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RE: MAE-EAST Moving? from Tysons corner to reston VA.
From: "Roeland Meyer (E-mail)" <rmeyer () mhsc com>
Date: Sat, 17 Jun 2000 09:14:29 -0700


Richard A. Steenbergen: Saturday, June 17, 2000 7:55 AM

On Sat, 17 Jun 2000, RJ Atkinson wrote:

Sounds like a filter on which product one buys. :-)

Based on those who don't support a non-standard extension? At
any rate,
people will buy them, and problems will ensue. :P

Currently, there are places in internal sites that are doing
exactly this. What happens is, in the interests of invoice
standardization, the same filter is being applied to the
externally visible equipment. My personal nightmare is some tech
using the wrong NIC in the wrong machine and the architecture (my
responsibility area) is erroneously shown to fail. It is far
safer to spec the same equipment/capability homogenously and
eliminate that failure-mode <grin>.

I see its getting better though, there is more support then
there used to
be the last time I looked.

Uneven distribution is always an issue during technology
roll-out/adoption. I expect it to take years, with some
extentions being orphaned, and it could even cause some market
re-alignments and new vendors to pop up... normal stuff, prior to
feature commoditization.

The point is that unless everyone makes these changes, any
attempt to run
a higher MTU along a non-supporting path without a reliable
PMTU-D
mechanism will result in bloody horror.

For content replication, as differentiated from content
distribution,
the larger MTU should be safe.  A larger than 1518 MTU won't
be
safe for content distribution anytime soon because the Cable
Modem
standards specify a 1518 MTU and cable modems are a leading
way
to provide high performance networking to homes.

Does anyone know if this same restriction applies to any form of
DSL? If so, then this capability will rapidly become a data
center internal-only usage. This will also restrict its usage on
the co-lo trunks. Otherwise, we need to point at the cable-modem
specs and get that changed. As alluded to previously, there are
some who take the MTU=1500 issue with religious zeal. They will
resist all rational argument in this. MTU values should remain a
configuration parameter and should not be spec'd in the
protocol... ever!


Based off 4.0-STABLE, using some work I'm doing on the FreeBSD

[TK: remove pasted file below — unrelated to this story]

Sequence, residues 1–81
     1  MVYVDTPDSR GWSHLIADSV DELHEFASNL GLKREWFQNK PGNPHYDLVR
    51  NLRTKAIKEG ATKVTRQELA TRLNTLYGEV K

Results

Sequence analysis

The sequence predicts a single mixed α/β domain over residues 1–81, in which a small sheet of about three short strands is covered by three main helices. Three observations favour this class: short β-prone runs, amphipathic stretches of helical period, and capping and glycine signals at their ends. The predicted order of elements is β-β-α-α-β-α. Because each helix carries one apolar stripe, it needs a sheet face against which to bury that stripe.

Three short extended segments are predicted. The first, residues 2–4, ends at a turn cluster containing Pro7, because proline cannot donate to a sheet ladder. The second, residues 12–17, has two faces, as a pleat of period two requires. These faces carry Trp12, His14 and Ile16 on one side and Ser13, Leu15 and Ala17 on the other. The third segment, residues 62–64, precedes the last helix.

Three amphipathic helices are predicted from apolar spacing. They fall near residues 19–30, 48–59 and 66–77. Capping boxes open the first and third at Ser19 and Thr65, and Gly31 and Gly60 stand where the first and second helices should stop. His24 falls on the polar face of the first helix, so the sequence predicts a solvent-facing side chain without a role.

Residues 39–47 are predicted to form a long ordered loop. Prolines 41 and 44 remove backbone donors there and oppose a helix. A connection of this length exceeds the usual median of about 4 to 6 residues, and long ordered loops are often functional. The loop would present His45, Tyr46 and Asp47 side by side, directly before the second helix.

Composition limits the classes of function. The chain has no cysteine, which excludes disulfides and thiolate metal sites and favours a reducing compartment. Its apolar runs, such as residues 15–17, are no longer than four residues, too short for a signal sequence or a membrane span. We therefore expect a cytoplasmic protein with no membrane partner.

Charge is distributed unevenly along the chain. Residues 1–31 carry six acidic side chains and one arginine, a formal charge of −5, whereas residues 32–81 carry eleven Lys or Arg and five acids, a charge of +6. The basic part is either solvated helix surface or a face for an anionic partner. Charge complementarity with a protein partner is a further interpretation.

TCP/IP
stack (mainly cleaner code and a few trivial optimizations at
this point,
nothing earth shattering), some additional optimizations and
shortcuts
through the stack based on IP Flow which I'm writing, using
back to back
NetGear GA620s, 512k send/recvspace buffers and a 1MB socket
buffer, and a
really quick in-kernel ack & discard in the receiving end.

<g> You will release open-source so the Linux community can use
<please>?

The last time I tried it with standard userland transfers was
on back to
back p3 500s which pulled about 450Mbps between a GA620 and
an Intel GE.

This is much better than what I'm seeing (MTU=1500). With
MTU=4096+40 I get closer. I've not tried higher MTU values
because not all of my equipment supports it. Have you done any
analysis of MTU=<value> vs. thoughput? If so, at what increment?

It would
certainly help to be doing less packets/rateoftime though,
as this is a
(the?) major bottleneck.

Packet processing overhead and memory manipulation are
generally
the bottlenecks in hosts.  There is substantial literature to
this effect.

Isn't that the truth. I think of a lot of it is poorly
optimized and
well-planned code though.

In defense of the programmer, code dealing with a fixed MTU value
can be much more efficient than code that has to discover MTU
value at run-time. I suspect that this may also be the case for
cable-modems. It would have a direct effect on CPU cost and
therefore COGm. At a scale of 10M units, $0.001 COGm can add up
to a lot of money. However, this is a transitive benefit, as
CPU/RAM gets cheaper and faster. Ascend found this out with the
Pipeline 25 (a lot of which they've had to replace with Pipeline
75's, under warranty, resulting in reduced profitablility,
overall [to Ascend's credit, they actually did it, where
warranted, at no additional consumer cost]). I don't intend this
to be a defense for a fixed MTU value, I am only postulating a
probable cause for its appearance in the cable-modem spec (that
they are not completely irrational<g>).




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